In which year was that?

 That was in 2009.

 So which U Myo Tint are you speaking of?[15]

 He is the one who was named the elder of [his] community and is a [self-appointed] chairman of religious affairs. So I told him not to do that [to me], that I cannot resist anymore and I have to struggle hard to make a living. I explained my condition to [the lawyer] like that and then I went back home. And one man came and gave me a letter that they [U Myo Tint] distributed and said, “They are now starting to take action, so I think for you to be able to protect yourself, [you need to] prepare yourself in advance - [so] I let you read the letter.” When I read through the letter, I found out that what they had written in the document was about [how] Buddhists and Christians have been living together in the same community, [and now a] mass of Muslims were entering into the community and they have to worry, for they [the Muslims] are going to build a mosque. Then I started responding to that immediately and wrote down that I have been living here for over ten years and I have to work so hard for my livelihood, so to be honest, a person like me cannot do anything and I do not have any desire to [build a mosque]. I simply believe in Islam and I am not an extremist. Another thing is I was born in this country and grew up in this country and studied in this country and my father was a civil servant, so if something such as a conflict were to happen with any other country, I would stand on my country’s side. I am that kind of person, but when he [U Myo Tint] says things like that - it is [actually] impossible for me to make it happen [build the mosque] like they are worried and concerned about, therefore I submitted the petition letter to the ministers and I copied the document of my ID and Form No. 10 [household document][16] because he [U Myo Tint] accused me of not having those. I rent the apartment [motorcycle repair shop] from the Union Solidarity Development Party [USDP][17] and they [USDP] told me to move my shop because I am Muslim and my religion is different from others’. Another thing that they [USDP members] mentioned to me is that the first time they [USDP] tried to campaign for the election they were not successful because one of their members was Chinese. Therefore in this election they just try to remove anything that could be a barrier for them. They told me like that and gave me the time to find a place for [me] to [re]build my motorcycle repair shop [outside of Thandaung Myo Thit Town].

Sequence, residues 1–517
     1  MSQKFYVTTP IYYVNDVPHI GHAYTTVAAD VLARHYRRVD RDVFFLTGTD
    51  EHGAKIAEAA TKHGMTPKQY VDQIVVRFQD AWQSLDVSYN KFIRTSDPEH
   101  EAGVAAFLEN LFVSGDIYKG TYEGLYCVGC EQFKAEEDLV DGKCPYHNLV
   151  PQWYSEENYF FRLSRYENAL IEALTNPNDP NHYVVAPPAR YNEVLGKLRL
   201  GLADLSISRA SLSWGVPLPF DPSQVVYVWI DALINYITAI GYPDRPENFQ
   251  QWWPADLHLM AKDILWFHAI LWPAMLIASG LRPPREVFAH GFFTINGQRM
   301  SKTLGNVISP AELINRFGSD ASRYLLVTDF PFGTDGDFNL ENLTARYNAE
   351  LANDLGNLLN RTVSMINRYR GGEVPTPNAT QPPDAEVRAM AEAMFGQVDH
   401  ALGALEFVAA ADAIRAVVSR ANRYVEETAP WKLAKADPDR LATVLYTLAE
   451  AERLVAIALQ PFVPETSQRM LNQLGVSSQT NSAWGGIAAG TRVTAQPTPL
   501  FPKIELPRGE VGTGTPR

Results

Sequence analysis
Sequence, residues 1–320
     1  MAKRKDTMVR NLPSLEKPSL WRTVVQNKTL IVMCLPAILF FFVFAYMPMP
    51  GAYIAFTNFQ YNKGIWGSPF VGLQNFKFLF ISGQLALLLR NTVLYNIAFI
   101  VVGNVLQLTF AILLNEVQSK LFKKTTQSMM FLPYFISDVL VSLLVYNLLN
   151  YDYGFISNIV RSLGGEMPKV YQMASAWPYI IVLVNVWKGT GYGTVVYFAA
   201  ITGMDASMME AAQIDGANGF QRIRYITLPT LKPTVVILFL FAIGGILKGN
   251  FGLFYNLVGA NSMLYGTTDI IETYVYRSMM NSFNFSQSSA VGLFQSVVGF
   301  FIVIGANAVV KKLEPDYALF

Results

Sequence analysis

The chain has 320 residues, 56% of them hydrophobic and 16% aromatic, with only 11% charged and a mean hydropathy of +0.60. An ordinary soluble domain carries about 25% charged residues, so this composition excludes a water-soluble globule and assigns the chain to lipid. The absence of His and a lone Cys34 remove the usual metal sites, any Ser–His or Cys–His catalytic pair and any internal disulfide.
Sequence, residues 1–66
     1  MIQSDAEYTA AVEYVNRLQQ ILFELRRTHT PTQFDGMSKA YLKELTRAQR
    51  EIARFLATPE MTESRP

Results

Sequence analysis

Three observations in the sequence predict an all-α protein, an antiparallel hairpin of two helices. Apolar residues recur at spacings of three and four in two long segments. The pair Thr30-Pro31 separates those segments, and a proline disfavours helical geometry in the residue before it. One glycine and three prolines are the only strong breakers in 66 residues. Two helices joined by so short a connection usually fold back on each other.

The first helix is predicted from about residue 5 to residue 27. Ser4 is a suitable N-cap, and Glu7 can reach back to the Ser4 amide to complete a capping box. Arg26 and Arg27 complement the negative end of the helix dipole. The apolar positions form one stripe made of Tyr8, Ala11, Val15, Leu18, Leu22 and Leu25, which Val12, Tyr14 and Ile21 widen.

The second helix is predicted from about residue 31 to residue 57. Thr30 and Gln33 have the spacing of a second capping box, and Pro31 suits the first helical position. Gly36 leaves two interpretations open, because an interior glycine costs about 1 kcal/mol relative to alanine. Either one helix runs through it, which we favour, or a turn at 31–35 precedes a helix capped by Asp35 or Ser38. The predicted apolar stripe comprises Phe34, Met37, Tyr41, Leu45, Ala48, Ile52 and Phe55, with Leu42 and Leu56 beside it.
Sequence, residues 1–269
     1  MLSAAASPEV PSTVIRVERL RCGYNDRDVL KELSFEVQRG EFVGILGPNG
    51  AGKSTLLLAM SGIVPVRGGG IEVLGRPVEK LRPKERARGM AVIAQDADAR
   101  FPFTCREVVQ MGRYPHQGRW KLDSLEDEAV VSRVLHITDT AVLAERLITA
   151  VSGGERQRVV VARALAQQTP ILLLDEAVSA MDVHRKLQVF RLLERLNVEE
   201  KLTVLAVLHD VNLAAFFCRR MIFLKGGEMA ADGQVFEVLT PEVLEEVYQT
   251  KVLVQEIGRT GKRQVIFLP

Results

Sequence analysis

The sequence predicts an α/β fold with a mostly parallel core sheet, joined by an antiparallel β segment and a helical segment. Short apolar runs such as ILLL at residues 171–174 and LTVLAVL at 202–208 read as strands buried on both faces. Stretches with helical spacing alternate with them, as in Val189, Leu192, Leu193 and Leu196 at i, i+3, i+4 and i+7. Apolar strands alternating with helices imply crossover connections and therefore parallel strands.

What is their party name?

 Union Solidarity Development Party.

 Who is the chairman of USDP?

 The [township-level] chairman is Hay Tha Yee.

 Who is the secretary?

 I do not know the secretary.

 When you were summoned [to meet with the USDP], who was involved in the meeting?

 When I was summoned the [USDP] chairman was not included, there were U Maung Maung [Burma/Myanmar state civil servant] and campaign officers U Kyaw Naing and U Htoo Pleh.

 Who told you the information?

 Campaign officers U Kyaw Naing and U Htoo Pleh, but they are not going to be in the group [USDP] anymore because they are of a different religious [background]. And as a [Muslim person], the USDP does not want me to be their barrier to [winning] the election, [either].

 When they lost the election, were you in this town?

 Yes, I was.

 What is their concern with you? You have not given a vote to them or what is that [all about]?